Conway’s QuickTake: Week of May 24, 2021
Here’s What Happened Last Week:
Stocks ended the week with mixed results after a few volatile trading sessions. Tuesday produced the largest declines reflective of inflation worries while Thursday had a swift upswing indicative of sustained strength in the U.S. economy. Within the S&P 500 Index, real estate and health care were the largest gainers being up nearly 1%. The laggards were energy and industrials falling by 2.5% and 1.6% respectively. Growth stocks appreciated and accordingly beat value stocks which retracted last week. However, the small-cap versus large-cap dispersion was less noticeable. For the year, small-caps held a slight advantage over large-caps while value maintained its solid lead over growth. Inflation remains a central focus for investors, as some consumers worry different goods’ price increases may become commonplace before policy actions take place.
Minutes from the most recent Federal Open Market Committee’s meeting in late April indicated that some meeting attendees are looking for change. They are hoping the Fed begins tapering down the level of their monthly asset purchase program from its current $120 billion. The hope is this reduction will place less unnecessary pressure on inflation over time. Estimates for the IHS Markit Flash U.S. Composite PMI Output Index surprised strongly to the upside. The service sector component rose to a record 70.1 from last month’s 64.7 while the manufacturing sector’s survey recorded at 61.5 from a prior 60.5. These surveys clearly indicate a rebounding economy although realistic inflation concerns persist. Initial weekly jobless claims tallied in at 444,000, the lowest level since March 14, 2020. Continuing claims rose 111,000 to 3.75 million in aggregate although they report with a week’s lag. As mentioned earlier, cryptocurrencies have suffered as of late. After more than a year of astronomical growth famously backed by Elon Musk, Paul Tudor Jones, and even Snoop Dogg, the benchmark Bitcoin has fallen nearly 50% since mid-April. It began 2020 at about $7,000, peaked at $64,829 in April, and is trading around $31,281 on late Sunday. Aside from the recent volatility, the official validation of the currency and level of usage in the economy remains unknown.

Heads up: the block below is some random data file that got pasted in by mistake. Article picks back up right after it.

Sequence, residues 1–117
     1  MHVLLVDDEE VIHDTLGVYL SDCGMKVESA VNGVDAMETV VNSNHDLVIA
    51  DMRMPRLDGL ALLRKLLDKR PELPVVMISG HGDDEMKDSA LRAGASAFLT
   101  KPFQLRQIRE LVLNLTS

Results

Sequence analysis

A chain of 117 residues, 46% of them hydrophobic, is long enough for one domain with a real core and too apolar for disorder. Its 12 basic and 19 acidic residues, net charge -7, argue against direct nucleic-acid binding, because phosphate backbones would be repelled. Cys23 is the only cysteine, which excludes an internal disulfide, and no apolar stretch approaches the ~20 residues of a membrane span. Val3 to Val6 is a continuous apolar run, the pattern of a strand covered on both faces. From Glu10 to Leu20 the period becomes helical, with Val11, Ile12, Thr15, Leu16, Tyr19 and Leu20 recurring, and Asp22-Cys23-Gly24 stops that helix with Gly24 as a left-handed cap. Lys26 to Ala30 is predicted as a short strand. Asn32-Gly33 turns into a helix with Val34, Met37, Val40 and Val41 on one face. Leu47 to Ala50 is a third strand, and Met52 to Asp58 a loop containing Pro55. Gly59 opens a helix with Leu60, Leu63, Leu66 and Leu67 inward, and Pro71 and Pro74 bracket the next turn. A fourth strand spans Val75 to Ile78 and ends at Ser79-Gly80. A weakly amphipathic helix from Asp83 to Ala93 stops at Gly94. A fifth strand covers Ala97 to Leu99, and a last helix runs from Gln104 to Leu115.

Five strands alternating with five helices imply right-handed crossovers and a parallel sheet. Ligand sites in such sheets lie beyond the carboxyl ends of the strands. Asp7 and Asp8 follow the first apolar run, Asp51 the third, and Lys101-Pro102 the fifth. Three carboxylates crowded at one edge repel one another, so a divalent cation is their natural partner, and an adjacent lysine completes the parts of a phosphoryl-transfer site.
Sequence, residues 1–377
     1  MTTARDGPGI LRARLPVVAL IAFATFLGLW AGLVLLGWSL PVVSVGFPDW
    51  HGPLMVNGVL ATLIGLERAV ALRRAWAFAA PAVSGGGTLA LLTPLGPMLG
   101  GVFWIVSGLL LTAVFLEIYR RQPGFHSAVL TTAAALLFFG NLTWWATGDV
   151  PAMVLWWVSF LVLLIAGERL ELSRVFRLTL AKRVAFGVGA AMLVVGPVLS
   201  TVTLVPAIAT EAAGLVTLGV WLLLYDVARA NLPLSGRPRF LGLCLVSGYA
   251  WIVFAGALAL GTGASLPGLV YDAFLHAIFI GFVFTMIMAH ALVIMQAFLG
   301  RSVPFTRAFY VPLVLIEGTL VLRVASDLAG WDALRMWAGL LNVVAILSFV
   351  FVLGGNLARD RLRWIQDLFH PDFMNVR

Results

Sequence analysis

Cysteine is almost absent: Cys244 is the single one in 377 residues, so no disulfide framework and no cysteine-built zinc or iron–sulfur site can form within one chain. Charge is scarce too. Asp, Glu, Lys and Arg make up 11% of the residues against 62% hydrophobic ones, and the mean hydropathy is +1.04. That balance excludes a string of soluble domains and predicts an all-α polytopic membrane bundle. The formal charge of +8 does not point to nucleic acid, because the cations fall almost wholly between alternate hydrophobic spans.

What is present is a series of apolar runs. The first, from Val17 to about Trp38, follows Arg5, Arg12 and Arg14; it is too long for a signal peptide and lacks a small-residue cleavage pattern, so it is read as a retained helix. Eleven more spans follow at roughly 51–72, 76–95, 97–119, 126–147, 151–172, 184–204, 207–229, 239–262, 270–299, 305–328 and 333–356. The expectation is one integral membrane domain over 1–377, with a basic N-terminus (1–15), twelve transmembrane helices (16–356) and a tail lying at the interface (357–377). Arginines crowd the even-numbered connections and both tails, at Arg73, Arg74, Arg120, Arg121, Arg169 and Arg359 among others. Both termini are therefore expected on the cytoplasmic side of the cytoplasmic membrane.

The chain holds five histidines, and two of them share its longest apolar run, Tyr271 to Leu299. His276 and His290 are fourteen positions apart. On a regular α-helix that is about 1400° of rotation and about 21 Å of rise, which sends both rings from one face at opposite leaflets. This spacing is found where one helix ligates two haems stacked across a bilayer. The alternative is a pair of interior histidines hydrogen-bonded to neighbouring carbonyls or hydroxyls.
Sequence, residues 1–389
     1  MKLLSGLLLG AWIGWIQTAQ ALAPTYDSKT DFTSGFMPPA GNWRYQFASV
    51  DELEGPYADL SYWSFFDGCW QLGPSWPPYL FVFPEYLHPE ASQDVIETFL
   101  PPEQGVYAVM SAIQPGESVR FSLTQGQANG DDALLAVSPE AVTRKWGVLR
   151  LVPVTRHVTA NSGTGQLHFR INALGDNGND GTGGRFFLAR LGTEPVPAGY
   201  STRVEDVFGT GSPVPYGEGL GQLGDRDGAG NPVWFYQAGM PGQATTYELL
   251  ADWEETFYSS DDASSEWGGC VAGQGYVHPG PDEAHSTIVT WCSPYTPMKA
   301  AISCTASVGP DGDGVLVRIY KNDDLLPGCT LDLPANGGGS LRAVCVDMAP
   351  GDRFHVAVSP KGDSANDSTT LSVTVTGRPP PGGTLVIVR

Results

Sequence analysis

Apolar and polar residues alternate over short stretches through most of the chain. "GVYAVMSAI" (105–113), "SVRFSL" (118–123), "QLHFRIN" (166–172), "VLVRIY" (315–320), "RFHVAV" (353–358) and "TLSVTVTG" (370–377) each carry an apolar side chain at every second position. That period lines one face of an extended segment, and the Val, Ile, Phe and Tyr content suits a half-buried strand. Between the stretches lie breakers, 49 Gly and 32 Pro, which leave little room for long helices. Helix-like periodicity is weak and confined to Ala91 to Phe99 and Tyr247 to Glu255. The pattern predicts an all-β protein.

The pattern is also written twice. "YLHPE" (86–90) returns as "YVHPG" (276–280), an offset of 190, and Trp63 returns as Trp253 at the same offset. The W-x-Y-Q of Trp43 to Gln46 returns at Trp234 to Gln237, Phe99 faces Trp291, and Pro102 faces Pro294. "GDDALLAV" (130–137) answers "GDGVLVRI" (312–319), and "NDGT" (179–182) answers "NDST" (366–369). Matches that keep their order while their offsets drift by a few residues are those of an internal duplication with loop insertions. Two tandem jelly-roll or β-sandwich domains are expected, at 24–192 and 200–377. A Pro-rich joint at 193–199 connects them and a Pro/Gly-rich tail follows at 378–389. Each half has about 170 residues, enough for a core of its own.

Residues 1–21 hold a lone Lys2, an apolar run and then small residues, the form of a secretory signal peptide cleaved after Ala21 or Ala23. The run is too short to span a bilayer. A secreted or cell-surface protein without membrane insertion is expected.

International equities rose. Emerging markets bested developed markets as represented by their respective MSCI indices. European stocks advanced amidst the economic recovery as pandemic-induced restrictions are gradually being alleviated. Various countries have withdrawn some longstanding coronavirus precautions, but U.K. Prime Minister Boris Johnson delayed plans to remove restrictions entirely. Japanese equities finished higher after a strong April exports report and encouraging manufacturers’ business confidence levels. Chinese stocks recorded strong gains in U.S. Dollar terms. Recently, the Chinese currency, renminbi, has strengthened versus the dollar being driven by foreign investments in securities.
Eurozone business activity grew at its fastest pace in three years. The flash composite PMI for May came in at 56.9, up from 53.8 in April. In the U.K., consumer price inflation spiked to 1.5% in April from a relative 0.7% level in March. Also, after localized coronavirus restrictions were lifted, retail sales grew by 9.2% on a year-over-year basis in April. After strong double-digit growth rates during Q3 and Q4 of 2020, Japan’s economy shrunk by an annualized 5.1% in the first quarter of 2021, more than expected. The decline is mainly attributed to private consumption levels given the hardship on retail (clothing) sales and restaurants. The central bank, however, is not straying from their long-term accommodative view. To mitigate any distortions prevailing in 2020, China reported its two-year average level of retail sales growth fell to 4.3% in April, down from 6.4% in March. Additionally, new surges in coronavirus cases in several Chinese provinces stirred up concerns that COVID-19 can cause future disruptions. Columbian assets were subject to the recent credit downgrade by S&P Global Ratings to BB+. Ironically, the downgrade came just one month after S&P reiterated its BBB- rating with a negative outlook. It is likely due to the withdrawal of a tax reform bill by President Ivan Duque Marquez.